Christina Van Dyke was determined to draw a more diverse crowd when she talked about her research on Aquinas and the afterlife at Wheaton this past summer.
“Philosophy has this reputation for being really masculine and abstract,” she explained. “You get a certain kind of person that thinks philosophy is their territory, but other people feel really alienated by it.”
An unusual analogy
It turns out the vampires in the bestselling teen romance series closely resemble Aquinas' description of humans in the afterlife. And Van Dyke was ecstatic to find that a lot of women wanted to know just what Edward Cullen had to do with Aquinas.
“I got a fantastic female turnout at Wheaton, and I got more questions from women at that talk than I ever had before,” she said.
An important influence
Van Dyke has since given more successful presentations about Aquinas and Twilight. She even wrote an article that will come out in the Oxford University Press about the similarities between Aquinas’ picture of the afterlife and Twilight.
Despite Twilight’s reputation as “low-brow literature,” Van Dyke emphasizes that the pop culture comparison isn’t meant to dumb down Aquinas. Using Twilight as an example helps to illustrate his ideas and their influence on modern society in an accessible way.
“Stephanie Meyer is drawing from this tradition that goes all the way back to the middle ages,” Van Dyke explained.
In addition to attracting a female audience to philosophy, using examples like Twilight or Buffy the Vampire Slayer helps Van Dyke to tie historical philosophers to modern life, showing that they still hold wisdom for us today.
“Philosophers and theologians spent centuries working on the big questions of life, and we can see the impact their work has had on how we think today,” Van Dyke explained. “They were really smart people with interesting things to say that we dismiss and forget about."
An overlooked topic
In fact, Van Dyke began studying Aquinas’ view of the afterlife precisely because it is often overlooked in his work.
“I started working with my friend Thomas Williams on a new translation and commentary on Aquinas’ Treatise on Happiness, which focuses on the afterlife, and I was surprised how few people had talked about this topic in Aquinas,” she explained. “Most people focus on his ideas about this life: human nature, virtue and vice.”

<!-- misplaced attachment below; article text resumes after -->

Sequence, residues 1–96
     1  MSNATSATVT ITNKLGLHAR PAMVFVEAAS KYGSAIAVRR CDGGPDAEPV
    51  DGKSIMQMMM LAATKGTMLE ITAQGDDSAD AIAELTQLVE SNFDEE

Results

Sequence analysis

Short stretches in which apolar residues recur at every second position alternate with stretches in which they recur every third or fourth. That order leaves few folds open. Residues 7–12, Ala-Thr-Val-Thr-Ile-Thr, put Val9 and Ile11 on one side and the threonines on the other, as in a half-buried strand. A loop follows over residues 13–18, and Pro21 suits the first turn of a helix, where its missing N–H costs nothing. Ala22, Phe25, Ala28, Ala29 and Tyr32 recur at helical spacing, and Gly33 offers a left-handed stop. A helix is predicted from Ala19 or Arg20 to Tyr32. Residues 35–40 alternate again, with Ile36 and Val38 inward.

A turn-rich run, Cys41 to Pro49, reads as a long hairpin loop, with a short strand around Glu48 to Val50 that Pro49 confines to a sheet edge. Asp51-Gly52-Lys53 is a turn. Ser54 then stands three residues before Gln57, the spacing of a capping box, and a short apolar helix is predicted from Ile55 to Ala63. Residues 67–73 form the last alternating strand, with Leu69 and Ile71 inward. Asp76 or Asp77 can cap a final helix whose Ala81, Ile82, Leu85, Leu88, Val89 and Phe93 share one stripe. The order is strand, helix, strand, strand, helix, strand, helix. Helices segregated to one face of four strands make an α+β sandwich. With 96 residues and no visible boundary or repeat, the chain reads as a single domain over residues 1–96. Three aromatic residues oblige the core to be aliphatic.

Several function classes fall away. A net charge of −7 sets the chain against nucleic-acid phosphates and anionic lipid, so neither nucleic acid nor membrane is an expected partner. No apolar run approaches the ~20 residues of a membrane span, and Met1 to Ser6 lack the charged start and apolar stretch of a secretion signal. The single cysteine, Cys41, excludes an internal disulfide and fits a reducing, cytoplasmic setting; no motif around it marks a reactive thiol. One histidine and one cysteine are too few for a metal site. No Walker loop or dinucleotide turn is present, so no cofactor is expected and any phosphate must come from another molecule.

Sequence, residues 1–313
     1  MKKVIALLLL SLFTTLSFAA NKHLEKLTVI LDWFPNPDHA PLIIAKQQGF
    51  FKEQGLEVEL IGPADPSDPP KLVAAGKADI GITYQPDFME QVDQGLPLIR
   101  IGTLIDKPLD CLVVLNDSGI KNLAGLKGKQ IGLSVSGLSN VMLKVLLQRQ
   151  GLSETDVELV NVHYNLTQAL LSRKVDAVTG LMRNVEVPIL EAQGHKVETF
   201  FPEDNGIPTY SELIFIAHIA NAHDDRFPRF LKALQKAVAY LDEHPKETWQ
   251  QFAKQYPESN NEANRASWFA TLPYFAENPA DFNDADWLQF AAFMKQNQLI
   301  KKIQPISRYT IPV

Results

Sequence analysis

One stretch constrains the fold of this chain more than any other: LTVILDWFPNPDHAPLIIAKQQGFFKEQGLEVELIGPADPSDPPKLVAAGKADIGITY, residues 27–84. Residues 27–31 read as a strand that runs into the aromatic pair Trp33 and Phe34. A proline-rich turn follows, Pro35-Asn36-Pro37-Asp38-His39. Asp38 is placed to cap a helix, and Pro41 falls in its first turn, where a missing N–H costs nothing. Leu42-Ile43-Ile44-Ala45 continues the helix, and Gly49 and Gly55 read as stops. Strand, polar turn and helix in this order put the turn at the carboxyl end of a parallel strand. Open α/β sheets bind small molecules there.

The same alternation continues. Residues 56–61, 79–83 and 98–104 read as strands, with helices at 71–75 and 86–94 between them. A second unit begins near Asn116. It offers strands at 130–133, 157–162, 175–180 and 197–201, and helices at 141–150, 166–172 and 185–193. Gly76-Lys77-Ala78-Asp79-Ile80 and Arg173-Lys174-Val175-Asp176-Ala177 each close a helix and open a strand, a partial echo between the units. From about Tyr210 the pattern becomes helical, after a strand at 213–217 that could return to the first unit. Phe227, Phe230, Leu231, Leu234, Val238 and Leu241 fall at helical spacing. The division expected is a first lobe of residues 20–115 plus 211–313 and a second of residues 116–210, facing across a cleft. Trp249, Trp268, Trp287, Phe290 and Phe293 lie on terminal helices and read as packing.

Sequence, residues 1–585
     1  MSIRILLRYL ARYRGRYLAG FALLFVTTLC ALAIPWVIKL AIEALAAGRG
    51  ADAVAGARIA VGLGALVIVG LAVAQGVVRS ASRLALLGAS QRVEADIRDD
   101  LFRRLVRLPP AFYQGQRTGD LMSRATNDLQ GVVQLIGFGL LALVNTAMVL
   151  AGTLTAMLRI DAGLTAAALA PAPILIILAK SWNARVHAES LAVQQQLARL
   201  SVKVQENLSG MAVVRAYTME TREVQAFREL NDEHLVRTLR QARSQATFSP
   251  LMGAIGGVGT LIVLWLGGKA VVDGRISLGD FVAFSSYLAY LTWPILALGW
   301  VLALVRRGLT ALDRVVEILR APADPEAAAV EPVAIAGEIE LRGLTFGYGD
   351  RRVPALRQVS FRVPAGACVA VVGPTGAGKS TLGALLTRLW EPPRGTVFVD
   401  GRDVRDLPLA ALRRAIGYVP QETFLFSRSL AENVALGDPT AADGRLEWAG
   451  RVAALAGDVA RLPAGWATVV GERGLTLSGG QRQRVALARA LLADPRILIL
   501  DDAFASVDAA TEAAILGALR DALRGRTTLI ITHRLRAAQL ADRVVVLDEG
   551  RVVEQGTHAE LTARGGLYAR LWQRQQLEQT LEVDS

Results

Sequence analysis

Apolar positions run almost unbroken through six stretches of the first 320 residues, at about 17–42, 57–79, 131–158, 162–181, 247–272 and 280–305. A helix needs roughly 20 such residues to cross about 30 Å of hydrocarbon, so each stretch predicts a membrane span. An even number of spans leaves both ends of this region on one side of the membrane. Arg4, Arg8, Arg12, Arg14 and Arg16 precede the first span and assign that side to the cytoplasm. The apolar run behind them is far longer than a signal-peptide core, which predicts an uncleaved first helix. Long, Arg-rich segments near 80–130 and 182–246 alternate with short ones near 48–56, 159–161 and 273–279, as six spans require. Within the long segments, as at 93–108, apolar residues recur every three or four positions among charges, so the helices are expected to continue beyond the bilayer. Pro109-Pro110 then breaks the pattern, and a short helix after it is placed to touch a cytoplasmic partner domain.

Van Dyke decided to take a closer look at what Aquinas had to say about the humans in the afterlife to see if it matched up with his ideas about life on earth.
Supported by grants from Templeton Foundation, the University of Notre Dame's Center for Philosophy and Religion, and the National University of Australia, Van Dyke is taking a year off from teaching to research the topic and write a book on what she finds.
A different picture
So far, Aquinas has painted a different picture of the afterlife than Van Dyke expected.
Aquinas is committed to the idea of a bodily resurrection. And he imagines humans with new bodies that have a lot in common with Edward Cullen’s: they’re shiny, have better sense perception, move faster and are impervious to pain. Yet he doesn’t seem to think we’ll be doing much with these amazing bodies.
“When Aquinas talks about happiness in the afterlife, he puts a strong focus on the extent to which God completely satisfies all of our needs” Van Dyke said. “He thinks there will be no eating, no drinking and no sex. So then the question is, what will our bodies be for?”
Aquinas also argues that true happiness must be unchanging, but Van Dyke has a hard time reconciling that idea with human nature as it exists on earth. Most people would find an eternity with no change, food, drinking or sex less than appealing.
Time holds the key
Van Dyke thinks a philosophy of time might hold the key to making sense of Aquinas’ vision of a happy afterlife.
“One of the things I’m going to look at this year is whether the experience of time could shift to make living for eternity with this amazing body, but not being able to eat, have sex or drink, be a little more attractive.”
As part of her research, Van Dyke will travel to Australia to work with experts on philosophy of time on the project. She will also be traveling to Edinburgh and Oxford for her research.